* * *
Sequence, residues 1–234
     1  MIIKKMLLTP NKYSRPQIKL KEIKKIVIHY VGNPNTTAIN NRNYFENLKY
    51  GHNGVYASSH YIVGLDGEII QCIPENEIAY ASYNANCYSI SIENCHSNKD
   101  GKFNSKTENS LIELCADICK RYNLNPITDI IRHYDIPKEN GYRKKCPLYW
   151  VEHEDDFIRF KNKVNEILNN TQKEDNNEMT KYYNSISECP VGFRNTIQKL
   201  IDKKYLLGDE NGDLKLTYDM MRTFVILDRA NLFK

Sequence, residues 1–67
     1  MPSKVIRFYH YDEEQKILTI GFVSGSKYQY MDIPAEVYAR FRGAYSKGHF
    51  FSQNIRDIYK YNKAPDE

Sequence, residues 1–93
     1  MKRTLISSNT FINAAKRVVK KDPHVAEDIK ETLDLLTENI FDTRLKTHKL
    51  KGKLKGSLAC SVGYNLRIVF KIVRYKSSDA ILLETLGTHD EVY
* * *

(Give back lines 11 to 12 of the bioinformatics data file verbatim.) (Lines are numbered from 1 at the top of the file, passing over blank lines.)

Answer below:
     1  MKRTLISSNT FINAAKRVVK KDPHVAEDIK ETLDLLTENI FDTRLKTHKL
    51  KGKLKGSLAC SVGYNLRIVF KIVRYKSSDA ILLETLGTHD EVY